Neighbors: The Destruction of the Jewish Community in Jedwabne, Polandby Jan T. Gross, Jant T. Gross
Pub. Date: 03/26/2001
Publisher: Princeton University Press
"Neighbors is a truly pathbreaking book, the work of a master historian. Jan Gross has a shattering tale to tell, and he tells it with consummate skill and control. The impact of his account of the massacre of the Jews of Jedwabne by their Polish neighbors is all the greater for the calm, understated narration and Gross's careful reconstruction of the/i>
"Neighbors is a truly pathbreaking book, the work of a master historian. Jan Gross has a shattering tale to tell, and he tells it with consummate skill and control. The impact of his account of the massacre of the Jews of Jedwabne by their Polish neighbors is all the greater for the calm, understated narration and Gross's careful reconstruction of the terrifying circumstances in which the killing was undertaken. But this little book is much, much more than just another horror story from the Holocaust. In his imaginative reflections upon the tragedy of Jedwabne, Gross has subtly recast the history of wartime Poland and proposed an original interpretation of the origins of the postwar Communist regime. This book has already had dramatic repercussions in Poland, where it has single-handedly prised open a closed and painful chapter in that nation's recent past. But Neighbors is not only about Poland. It is a moving and provocative rumination upon the most important ethical issue of our age. No one who has studied or lived through the twentieth century can afford to ignore it."Tony Judt, Director, Remarque Institute
"This tiny book reveals a shocking story buried for sixty years, and it has set of a round of soul searching in Poland. But the questions it raises are of universal significance: How do 'ordinary men' turn suddenly into 'willing executioners?' What, if anything, can be learned from history about 'national character?' Where do we draw the line between legitimately assigning present responsibility for wrongs perpetrated by previous generations and unfairly visiting the sins of the fathers on the children? The author has no facile answers to these problems, but his story asks us to think about them in new ways."David Engel, author of The Holocaust: The Third Reich and the Jews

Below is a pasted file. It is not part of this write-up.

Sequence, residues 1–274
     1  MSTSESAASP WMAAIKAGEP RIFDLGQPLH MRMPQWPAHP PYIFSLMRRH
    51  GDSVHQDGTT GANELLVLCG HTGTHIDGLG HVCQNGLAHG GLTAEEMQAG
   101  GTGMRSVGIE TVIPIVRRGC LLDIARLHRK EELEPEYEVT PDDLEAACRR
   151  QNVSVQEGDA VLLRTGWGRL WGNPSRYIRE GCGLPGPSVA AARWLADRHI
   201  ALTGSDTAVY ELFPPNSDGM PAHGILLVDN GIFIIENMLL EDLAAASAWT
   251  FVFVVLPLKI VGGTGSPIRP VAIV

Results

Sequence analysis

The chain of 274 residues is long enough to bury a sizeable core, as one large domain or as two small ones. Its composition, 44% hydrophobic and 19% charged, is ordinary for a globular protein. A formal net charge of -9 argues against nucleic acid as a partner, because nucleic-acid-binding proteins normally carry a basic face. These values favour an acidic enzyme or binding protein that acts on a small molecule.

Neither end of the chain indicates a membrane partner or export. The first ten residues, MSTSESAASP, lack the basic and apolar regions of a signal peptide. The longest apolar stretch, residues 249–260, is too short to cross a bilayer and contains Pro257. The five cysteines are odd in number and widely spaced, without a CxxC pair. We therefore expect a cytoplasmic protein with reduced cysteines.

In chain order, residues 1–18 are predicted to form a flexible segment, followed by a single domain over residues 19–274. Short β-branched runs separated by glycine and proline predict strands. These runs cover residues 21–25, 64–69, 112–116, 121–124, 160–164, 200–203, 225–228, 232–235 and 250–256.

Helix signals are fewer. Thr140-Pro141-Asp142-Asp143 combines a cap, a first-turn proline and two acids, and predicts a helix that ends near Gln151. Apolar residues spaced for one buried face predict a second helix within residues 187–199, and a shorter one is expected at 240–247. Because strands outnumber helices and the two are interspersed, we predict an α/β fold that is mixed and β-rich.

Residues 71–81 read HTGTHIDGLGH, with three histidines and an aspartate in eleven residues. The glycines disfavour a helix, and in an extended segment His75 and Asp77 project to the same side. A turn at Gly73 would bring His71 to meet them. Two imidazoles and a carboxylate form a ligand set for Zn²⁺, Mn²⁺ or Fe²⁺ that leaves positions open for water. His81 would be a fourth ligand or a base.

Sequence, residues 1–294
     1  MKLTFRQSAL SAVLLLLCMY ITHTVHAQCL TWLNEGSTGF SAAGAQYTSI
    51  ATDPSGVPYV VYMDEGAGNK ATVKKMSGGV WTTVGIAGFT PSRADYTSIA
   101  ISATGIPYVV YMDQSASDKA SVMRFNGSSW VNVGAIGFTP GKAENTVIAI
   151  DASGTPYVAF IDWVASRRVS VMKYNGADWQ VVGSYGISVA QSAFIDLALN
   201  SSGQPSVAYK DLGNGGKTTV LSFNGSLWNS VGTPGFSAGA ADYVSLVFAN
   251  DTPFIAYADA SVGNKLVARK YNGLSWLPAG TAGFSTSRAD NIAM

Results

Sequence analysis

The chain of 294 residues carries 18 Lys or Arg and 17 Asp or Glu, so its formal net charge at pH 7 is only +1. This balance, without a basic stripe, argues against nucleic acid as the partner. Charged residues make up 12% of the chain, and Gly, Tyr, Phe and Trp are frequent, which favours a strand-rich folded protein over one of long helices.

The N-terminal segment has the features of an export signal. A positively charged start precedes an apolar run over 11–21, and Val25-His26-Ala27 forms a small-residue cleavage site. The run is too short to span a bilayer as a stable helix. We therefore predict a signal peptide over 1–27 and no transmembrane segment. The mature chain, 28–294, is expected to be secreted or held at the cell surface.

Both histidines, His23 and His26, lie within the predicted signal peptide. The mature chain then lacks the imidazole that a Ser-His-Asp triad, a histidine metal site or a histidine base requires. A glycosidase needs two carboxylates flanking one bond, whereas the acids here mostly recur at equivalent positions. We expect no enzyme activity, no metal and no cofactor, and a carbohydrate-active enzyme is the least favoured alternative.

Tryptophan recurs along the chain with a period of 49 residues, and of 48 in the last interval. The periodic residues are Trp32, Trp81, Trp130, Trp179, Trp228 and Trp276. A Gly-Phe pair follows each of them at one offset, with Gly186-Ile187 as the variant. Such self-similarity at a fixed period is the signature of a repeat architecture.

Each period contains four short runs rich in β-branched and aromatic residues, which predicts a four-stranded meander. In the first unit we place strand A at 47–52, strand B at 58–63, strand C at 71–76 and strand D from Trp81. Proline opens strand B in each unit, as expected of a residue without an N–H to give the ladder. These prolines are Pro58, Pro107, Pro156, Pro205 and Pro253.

"This is unquestionably one of the most important books I have read in the last decade both on the general question of the mass murder of the Jews during World War II and on the more specific problem of the reaction of Polish society to that genocide. All of the issues it raises are handled with consummate mastery. I finished this short book both appalled at the events it describes and filled with admiration for the wise and all-encompassing skill with which the painful, difficult, and complex subject has been handled."Antony Polonsky, Brandeis University
- Princeton University Press
- Publication date:
- Product dimensions:
- 4.80(w) x 7.63(h) x 0.98(d)
Table of Contents
|Outline of the Story||14|
|Before the War||33|
|Soviet Occupation, 1939-1941||41|
|The Outbreak of the Russo-German War and the Pogrom in|
|Who Murdered the Jews of Jedwabne?||79|
|What Do People Remember?||126|
|New Approach to Sources||138|
|Is It Possible to Be Simultaneously a Victim and a Victimizer?||143|
|Social Support for Stalinism||164|
|For a New Historiography||168|